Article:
The Very Hungry Caterpillar

A recent publication out of the University of Cambridge reports the ability for wax worms (larvae of the moth Galleria mellonella) to digest polyethylene. There are a handful of previously documented instances of bacteria, viruses, and fungi having the ability to degrade plastic, but whatever is in the larvae is breaking down PE at a much faster rate. f5aac6469d9236a1c1c2987ce9d82892_1000-images-about-very-hungry-the-very-hungry-caterpillar-clipart_1600-1236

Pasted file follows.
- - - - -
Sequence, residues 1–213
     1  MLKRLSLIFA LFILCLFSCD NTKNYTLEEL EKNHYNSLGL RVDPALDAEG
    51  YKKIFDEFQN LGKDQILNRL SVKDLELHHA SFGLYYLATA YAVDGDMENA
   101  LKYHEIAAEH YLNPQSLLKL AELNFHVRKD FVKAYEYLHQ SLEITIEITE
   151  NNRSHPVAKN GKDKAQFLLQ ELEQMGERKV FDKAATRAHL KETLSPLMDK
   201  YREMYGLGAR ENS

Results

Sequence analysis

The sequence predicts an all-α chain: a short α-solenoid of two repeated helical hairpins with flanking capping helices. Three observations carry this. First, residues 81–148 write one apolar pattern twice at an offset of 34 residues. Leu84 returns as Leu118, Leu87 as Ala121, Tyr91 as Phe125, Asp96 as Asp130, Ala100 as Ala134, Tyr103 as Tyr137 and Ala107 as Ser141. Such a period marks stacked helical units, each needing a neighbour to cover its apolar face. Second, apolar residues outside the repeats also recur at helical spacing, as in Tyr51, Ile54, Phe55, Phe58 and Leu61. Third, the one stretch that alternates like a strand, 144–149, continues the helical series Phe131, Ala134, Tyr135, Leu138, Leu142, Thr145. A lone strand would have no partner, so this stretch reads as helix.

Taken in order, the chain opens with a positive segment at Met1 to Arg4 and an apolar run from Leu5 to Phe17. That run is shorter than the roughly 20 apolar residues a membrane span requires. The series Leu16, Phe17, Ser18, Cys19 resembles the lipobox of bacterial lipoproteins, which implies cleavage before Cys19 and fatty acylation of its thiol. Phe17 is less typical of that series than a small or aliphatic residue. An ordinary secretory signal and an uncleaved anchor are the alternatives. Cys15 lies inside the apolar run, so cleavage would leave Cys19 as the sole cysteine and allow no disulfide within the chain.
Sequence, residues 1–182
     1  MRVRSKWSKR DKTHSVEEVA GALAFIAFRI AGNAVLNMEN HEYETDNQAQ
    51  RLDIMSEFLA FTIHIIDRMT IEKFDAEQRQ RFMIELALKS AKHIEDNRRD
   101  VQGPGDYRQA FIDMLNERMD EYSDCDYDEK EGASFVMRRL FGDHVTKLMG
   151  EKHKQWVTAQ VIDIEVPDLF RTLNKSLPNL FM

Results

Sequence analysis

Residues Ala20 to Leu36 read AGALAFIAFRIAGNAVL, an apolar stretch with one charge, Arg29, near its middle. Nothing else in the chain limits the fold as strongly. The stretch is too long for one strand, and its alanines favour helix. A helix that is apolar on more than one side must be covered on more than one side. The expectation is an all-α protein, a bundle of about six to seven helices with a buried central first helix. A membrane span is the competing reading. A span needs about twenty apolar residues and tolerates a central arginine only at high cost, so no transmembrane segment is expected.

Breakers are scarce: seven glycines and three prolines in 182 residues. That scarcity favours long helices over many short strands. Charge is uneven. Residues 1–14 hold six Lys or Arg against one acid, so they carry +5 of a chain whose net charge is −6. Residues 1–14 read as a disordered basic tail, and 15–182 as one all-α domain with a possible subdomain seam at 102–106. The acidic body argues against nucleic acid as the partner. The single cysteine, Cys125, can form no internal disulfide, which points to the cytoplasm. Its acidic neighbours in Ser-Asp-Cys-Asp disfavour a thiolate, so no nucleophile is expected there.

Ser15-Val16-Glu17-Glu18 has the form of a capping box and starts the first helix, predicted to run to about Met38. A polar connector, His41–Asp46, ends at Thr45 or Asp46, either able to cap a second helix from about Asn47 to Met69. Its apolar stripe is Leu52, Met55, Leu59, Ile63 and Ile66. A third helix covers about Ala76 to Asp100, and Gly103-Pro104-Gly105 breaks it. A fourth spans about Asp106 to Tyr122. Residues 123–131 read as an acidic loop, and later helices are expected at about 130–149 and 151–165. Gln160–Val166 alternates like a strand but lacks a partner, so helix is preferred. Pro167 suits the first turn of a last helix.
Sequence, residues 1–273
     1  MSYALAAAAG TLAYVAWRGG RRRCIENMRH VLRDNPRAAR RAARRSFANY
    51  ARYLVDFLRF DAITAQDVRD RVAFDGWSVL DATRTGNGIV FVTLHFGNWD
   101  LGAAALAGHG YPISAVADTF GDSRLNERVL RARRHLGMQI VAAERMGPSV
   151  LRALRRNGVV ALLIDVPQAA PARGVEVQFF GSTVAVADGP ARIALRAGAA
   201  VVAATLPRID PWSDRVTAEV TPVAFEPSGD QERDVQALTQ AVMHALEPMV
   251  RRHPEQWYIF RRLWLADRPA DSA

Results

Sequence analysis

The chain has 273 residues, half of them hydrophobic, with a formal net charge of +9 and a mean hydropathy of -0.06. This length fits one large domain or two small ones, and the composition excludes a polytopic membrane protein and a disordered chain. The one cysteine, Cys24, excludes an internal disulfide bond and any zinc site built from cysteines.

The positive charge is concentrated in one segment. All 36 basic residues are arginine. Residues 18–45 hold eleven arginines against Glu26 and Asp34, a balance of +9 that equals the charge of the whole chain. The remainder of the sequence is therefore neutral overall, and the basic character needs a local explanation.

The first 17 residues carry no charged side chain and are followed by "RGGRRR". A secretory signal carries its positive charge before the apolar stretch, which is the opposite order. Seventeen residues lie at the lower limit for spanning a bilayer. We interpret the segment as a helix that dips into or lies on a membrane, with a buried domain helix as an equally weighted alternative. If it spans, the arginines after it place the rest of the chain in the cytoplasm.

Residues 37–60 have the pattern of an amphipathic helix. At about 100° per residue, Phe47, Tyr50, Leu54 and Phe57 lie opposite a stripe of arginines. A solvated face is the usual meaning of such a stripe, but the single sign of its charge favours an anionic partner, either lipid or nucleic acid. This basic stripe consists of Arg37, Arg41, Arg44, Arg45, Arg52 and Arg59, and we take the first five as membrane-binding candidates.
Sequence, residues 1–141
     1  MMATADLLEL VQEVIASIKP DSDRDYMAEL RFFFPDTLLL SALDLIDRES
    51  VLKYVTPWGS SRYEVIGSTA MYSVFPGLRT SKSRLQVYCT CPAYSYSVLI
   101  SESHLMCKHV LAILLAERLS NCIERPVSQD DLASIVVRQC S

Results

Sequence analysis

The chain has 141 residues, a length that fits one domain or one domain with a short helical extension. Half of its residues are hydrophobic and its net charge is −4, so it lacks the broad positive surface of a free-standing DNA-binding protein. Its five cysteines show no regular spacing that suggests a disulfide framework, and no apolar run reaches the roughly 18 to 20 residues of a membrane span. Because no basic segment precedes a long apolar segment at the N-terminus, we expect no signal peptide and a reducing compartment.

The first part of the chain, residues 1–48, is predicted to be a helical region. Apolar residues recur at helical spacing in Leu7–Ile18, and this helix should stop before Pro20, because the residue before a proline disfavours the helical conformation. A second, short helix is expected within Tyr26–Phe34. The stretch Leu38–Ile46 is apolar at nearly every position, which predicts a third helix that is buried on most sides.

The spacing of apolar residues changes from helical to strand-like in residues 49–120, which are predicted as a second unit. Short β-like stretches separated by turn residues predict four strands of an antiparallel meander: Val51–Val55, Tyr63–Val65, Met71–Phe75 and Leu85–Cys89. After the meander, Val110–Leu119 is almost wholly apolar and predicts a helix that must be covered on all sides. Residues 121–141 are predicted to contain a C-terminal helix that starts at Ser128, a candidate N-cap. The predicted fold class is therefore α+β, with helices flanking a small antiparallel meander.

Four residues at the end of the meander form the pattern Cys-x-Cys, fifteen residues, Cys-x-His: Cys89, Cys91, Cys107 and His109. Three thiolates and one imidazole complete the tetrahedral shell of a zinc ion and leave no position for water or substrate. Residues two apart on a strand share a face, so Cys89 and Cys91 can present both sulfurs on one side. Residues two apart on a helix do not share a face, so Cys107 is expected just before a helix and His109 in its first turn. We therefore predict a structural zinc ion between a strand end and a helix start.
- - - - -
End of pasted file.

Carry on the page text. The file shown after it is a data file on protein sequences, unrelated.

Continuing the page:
I think the cool part is that these larvae break down polyethylene into ethylene glycol (according to the paper, this is the first time this type of breakdown has been documented). Ethylene glycol (aka: antifreeze) is mildly toxic upon ingestion, but does not bioaccumulate, and breaks down rapidly in the environment into carbon dioxide and water, potentially giving us a way to take plastic, and break it down into its most basic building blocks.

As of yet, what enzymes, proteins or chemicals are involved with the larvae ability to digest PE is unknown. But the potential is enormous. Certainly something to be watched.


Read the Washington Post article here

Find the full scientific publication here



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